1. This is an appeal by Shangara Singh against his conviction under Section 5 of the Explosive Substances Act and Section 25 of the Arms Act imposed by the Sessions Judge, Ferozepore, by order dated 30th November 1968 whereby he was sanctioned to three years' rigorous imprisonment under Section 5 of the Explosive Substances Act and to six months' rigorous imprisonment under Section 25 of the Arms Act. Both the sentences were ordered to run concurrently Being aggrieved the convict has come up in appeal to this Court.
2. The case of the prosecution is that on 11th August 1967 Baldev Sharma, Station House Officer, Police Station Mamdot, received secret information that Shangara Singh had illicit weapons in his possession. He then sent for the accused and interrogated him in the presence of Ram Lal and Gurbax Singh P. Ws. As a result of which he made a statement that he had buried a hand-grenade and five live cartridges in his courtyard. This statement was reduced to writing. The accused then led the police party to his house and got these articles recovered. The hand-grenade was sent to the Inspector Explosives, North Circle, Agra, who opined that it was a hand-grenade used by military personnel and was charged with explosive mixture. Sanction was then obtained from the Government for prosecution under Section 5 of the Explosive Substances Act and from the District Magistrate for prosecution under Section 25 of the Arms Act.
3. At the trial the appellant denied the allegations and stated that he had been falsely implicated at the instance of Gurbax Singh. It was also stated that Baldev Sharma was inimical to him as his father had refused to give evidence for the prosecution in some case.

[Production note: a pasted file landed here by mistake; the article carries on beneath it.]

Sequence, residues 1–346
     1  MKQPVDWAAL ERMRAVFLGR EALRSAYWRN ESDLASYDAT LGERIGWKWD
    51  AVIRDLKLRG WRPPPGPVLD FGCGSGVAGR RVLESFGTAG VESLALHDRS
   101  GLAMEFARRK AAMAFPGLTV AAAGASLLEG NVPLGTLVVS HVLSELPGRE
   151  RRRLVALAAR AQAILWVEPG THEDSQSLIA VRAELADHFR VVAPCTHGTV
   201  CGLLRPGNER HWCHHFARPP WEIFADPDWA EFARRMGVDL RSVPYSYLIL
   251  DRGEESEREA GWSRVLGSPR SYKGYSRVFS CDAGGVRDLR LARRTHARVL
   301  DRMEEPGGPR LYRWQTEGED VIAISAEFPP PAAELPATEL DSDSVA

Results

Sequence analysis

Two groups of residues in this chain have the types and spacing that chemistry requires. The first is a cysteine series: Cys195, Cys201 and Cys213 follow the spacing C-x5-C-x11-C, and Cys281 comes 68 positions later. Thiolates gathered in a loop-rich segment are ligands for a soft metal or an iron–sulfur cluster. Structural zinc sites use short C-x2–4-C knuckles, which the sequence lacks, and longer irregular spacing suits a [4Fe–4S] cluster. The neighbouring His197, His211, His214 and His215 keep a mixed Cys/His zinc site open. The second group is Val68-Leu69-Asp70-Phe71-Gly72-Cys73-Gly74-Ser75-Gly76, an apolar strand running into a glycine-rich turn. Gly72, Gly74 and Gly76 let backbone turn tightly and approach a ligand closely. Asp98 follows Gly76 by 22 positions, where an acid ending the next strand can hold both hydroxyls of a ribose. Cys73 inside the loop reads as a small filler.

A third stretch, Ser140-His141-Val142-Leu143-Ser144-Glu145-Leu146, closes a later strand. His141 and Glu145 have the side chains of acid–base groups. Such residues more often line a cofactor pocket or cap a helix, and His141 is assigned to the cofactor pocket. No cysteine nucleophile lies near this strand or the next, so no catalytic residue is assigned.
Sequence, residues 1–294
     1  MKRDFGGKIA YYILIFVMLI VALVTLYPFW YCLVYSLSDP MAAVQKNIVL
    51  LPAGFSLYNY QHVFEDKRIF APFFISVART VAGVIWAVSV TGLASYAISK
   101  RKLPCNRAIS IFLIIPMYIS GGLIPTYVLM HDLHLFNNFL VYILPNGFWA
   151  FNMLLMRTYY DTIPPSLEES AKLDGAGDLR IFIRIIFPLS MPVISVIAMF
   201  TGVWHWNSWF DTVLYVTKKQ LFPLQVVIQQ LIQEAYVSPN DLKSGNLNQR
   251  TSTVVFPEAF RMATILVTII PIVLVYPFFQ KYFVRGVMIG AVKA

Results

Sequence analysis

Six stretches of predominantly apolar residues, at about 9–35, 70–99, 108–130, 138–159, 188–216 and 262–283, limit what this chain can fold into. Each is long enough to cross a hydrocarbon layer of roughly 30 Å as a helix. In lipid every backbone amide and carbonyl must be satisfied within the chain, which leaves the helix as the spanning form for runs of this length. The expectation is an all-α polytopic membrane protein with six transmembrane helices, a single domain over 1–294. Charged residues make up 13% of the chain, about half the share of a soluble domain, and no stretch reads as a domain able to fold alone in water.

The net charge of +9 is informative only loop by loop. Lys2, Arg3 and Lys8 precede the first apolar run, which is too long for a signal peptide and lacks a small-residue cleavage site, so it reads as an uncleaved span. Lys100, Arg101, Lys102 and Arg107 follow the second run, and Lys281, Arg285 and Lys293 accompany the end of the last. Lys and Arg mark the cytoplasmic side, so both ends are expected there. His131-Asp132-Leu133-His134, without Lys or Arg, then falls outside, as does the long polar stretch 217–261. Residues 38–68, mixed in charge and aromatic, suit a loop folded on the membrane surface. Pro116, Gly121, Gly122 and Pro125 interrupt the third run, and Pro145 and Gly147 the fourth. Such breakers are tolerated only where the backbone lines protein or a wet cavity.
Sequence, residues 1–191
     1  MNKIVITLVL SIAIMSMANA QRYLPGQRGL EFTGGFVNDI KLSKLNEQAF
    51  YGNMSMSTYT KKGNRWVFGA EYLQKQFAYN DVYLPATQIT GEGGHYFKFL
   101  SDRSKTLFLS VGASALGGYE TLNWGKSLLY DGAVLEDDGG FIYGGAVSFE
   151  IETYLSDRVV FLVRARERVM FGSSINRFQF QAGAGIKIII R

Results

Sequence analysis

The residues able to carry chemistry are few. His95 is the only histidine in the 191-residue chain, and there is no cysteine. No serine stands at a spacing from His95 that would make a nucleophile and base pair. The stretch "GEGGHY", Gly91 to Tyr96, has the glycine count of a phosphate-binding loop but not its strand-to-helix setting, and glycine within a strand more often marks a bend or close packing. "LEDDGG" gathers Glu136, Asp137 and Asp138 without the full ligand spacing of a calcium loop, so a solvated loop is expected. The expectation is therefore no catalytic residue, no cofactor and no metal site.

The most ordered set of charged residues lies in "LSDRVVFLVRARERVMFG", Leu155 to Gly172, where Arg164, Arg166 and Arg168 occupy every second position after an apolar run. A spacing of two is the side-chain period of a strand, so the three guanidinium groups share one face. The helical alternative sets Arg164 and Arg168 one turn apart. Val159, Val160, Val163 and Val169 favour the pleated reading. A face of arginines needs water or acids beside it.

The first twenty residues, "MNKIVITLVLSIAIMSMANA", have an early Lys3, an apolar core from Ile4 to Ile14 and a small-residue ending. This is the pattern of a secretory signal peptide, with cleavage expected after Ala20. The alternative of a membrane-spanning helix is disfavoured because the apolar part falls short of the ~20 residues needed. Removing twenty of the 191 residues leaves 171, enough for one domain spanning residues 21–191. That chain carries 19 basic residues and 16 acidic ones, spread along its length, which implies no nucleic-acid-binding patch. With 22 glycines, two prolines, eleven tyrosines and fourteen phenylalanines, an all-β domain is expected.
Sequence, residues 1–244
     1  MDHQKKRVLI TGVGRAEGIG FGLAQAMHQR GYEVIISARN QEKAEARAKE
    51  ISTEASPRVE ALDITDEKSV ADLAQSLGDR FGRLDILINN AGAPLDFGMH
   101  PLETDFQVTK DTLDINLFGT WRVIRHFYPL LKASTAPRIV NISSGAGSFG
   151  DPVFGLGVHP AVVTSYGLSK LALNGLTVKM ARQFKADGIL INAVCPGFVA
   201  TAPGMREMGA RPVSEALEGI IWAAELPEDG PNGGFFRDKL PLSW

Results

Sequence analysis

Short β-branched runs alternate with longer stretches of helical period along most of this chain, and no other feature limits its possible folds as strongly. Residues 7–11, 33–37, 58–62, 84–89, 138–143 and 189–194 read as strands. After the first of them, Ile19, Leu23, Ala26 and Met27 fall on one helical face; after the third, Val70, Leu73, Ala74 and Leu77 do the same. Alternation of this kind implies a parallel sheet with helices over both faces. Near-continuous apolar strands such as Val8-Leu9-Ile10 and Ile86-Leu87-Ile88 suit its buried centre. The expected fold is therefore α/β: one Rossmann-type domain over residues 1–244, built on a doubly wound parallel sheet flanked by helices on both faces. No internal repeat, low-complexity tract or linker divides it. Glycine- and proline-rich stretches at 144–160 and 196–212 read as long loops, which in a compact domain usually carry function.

4. The conviction of the appellant rests of the testimony of Ram Lal P. W. 2, Gurbax Singh P. W. 3 and Baldev Sharma P. W. 4. All these witnesses have given a straight forward account of the manner in which the recovery was made from the possession of the appellant.
5. While urging that the evidence of Ram Lal and Gurbax Singh P. Ws. Be not accepted it was pointed out by the learned counsel for the accused that both Ram Lal and Gurbax Singh had enmity with the accused and that Gurbax Singh was also a stock witness of the police. Ram Lal has admitted that one Raghbir Singh opposed him during the election to the office of Sarpanch and that the accused and his father were supporting Raghbir Singh. Even if it be accepted as true no inference can be drawn that Ram Lal would develop malice against the accused and his father merely because like many other persons they were supporters of opposing candidate.
It was then pointed out that one Beli Ram had filed a suit against Ram Lal and Gujar Singh, the father of the accused, and in that case Beli Ram had compromised with Ram Lal while a decree was passed against Gujar Singh. Gujar Singh has filed an appeal in which Ram Lal is a respondent. This circumstance is also not capable of leading to an inference that Gujar Singh bore a grudge against Ram Lal. The suit was filed by Beli Ram and the decree was passed in his favour. The contest was between Beli Ram and Gujar Singh. The fact that Ram Lal made a settlement with the plaintiff in that case would not give rise to the inference that Ram Lal was inimical towards Gujar Singh or his son. I, therefore, find that Ram Lal is an independent witness and his evidence can be believed.